Dakshinam Chennai flagship store has a fully functional loom and in-house artisans

hile drapes of varying weaves and hues vie for attention as you step in from the foyer, the first thing your eye lands on is the jacquard loom and a spinning wheel mounted with silk yarn
Kanjeevaram sari
Kanjeevaram sari

When you live in a city like Chennai that shares close proximity to one of the country’s most prized silk weaving centres like Kanchipuram — one cannot help but wonder how many sari stores are one too many? You can hear the amusement in Yogesh Jhamtani’s voice. But the founder of Dakshinam, the city’s newest luxury sari destination indulges us and explains the need for brands like his — that aren’t just boutiques but hubs to help artisans scale up their craft and engage in direct customer feedback. “Think of your grandmother, back in the day, when she would buy her saris directly from the weavers and explain to the artisan what she wanted. With time, this has turned into a designer-client loop, which is very expensive or a retailer-client that is just driven by sales. Dakshinam comes in to bridge this gap. Our aim is to revive the dialogue between the artisan and the customer,” begins the 33-year-old, who launched the craft-based handloom enterprise in his hometown of Kanpur in 2013.

Better together
A 3,000 sq ft studio, Dakshinam’s Chennai flagship in Poes Garden feels like an intimate space. The dark mahogany wood shelves and hanging racks lend the store a welcoming air of warmth. While drapes of varying weaves and hues vie for attention as you step in from the foyer, the first thing your eye lands on is the jacquard loom and a spinning wheel mounted with silk yarn. Busy at work on a Rani pink and yellow kanjeevaram embellished with zari buttas is the 45-year-old Murugan from Kanchipuram, who was inducted into the craft when he was 15. This third-generation weaver is among the craftspeople that the brand works with and will be available in-store for interactions with customers, we learn. “Our weavers will be visiting us at the store and our Chennai studio will function as a collaborative centre between me, the consumer and the weaver community,” explains Yogesh, who is a Finance and Economics graduate from The State University of New York, Buffalo.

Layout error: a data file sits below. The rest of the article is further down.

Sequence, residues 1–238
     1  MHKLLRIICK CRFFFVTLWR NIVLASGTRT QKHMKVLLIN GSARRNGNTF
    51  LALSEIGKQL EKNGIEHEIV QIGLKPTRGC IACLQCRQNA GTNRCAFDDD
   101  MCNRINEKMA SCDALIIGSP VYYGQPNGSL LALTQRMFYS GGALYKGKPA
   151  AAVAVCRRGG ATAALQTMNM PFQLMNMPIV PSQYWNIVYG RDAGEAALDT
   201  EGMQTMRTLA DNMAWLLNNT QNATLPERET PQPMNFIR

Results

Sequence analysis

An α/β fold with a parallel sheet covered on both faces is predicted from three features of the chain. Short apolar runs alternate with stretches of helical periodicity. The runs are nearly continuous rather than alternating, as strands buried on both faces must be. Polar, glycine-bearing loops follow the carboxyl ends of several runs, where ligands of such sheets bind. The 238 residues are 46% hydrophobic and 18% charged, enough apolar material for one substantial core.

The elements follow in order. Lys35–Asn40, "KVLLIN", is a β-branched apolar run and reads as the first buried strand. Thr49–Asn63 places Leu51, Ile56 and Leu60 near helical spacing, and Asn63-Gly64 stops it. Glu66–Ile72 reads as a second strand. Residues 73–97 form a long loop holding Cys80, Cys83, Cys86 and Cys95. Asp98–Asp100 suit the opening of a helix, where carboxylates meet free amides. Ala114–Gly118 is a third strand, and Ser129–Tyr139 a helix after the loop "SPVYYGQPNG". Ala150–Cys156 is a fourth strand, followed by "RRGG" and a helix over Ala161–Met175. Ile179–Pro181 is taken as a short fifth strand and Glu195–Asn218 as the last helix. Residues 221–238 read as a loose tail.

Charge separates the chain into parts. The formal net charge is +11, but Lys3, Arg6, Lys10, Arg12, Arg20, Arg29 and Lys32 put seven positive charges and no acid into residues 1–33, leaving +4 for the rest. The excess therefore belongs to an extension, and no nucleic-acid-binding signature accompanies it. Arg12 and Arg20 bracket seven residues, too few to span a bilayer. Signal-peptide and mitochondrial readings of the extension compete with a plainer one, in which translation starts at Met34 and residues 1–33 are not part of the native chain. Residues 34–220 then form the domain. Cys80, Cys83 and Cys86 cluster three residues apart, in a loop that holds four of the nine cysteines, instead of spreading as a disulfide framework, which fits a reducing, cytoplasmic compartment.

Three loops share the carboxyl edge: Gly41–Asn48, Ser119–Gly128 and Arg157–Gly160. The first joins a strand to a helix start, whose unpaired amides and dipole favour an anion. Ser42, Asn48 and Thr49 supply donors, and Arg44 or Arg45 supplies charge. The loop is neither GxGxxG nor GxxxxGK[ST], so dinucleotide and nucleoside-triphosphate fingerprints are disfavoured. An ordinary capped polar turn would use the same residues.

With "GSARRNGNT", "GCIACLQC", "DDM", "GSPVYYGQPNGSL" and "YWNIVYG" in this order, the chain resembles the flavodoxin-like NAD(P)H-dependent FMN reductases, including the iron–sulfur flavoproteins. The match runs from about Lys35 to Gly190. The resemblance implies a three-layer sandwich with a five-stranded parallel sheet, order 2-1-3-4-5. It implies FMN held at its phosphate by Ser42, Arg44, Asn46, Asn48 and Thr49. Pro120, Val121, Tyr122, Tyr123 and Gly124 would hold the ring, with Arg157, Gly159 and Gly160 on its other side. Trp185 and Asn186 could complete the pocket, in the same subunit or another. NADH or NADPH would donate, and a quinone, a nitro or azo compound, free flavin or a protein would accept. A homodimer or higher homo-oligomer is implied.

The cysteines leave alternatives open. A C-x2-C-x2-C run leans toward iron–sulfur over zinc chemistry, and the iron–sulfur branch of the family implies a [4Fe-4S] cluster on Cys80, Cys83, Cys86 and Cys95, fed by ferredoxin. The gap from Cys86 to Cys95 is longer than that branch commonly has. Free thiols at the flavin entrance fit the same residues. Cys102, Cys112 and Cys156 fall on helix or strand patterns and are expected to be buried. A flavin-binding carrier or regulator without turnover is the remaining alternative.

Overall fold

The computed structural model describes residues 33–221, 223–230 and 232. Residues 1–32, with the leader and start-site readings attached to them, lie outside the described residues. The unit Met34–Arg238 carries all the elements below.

Textile tales
On display at the store are a range of printed silks, woven tussars from Bhagalpur, matka silks from West Bengal, Benarasi silks and khadas, Pochampali ikats and running fabrics from over 28 weaving communities across the country. “I think my passion for travel and my personal journey with handlooms is depicted through the brand and the clusters that we engage with at the store. It has not been a well-planned out pursuit, but I often find myself deciding on a cluster over the weekend and travelling through that state.”

Ulterior motifs
While the extensive spectrum of handwoven weaves from smaller centres like Sirumugai, Poolampatti and Sathyamangalam in Tamil Nadu, Mubarakpur in UP and Phulia in West Bengal are noteworthy, we particularly love the design interventions that Dakshinam has initiated with weavers from these regions. Look out for our favourites: the purple Kanchi pattu that sports a panoramic scene of the Ganga ghat instead of a traditional annapakshi pattern or even one that borrows Benaras’ Shikargah motifs.

Rs 4,500 onwards. 11 am to 8 pm.

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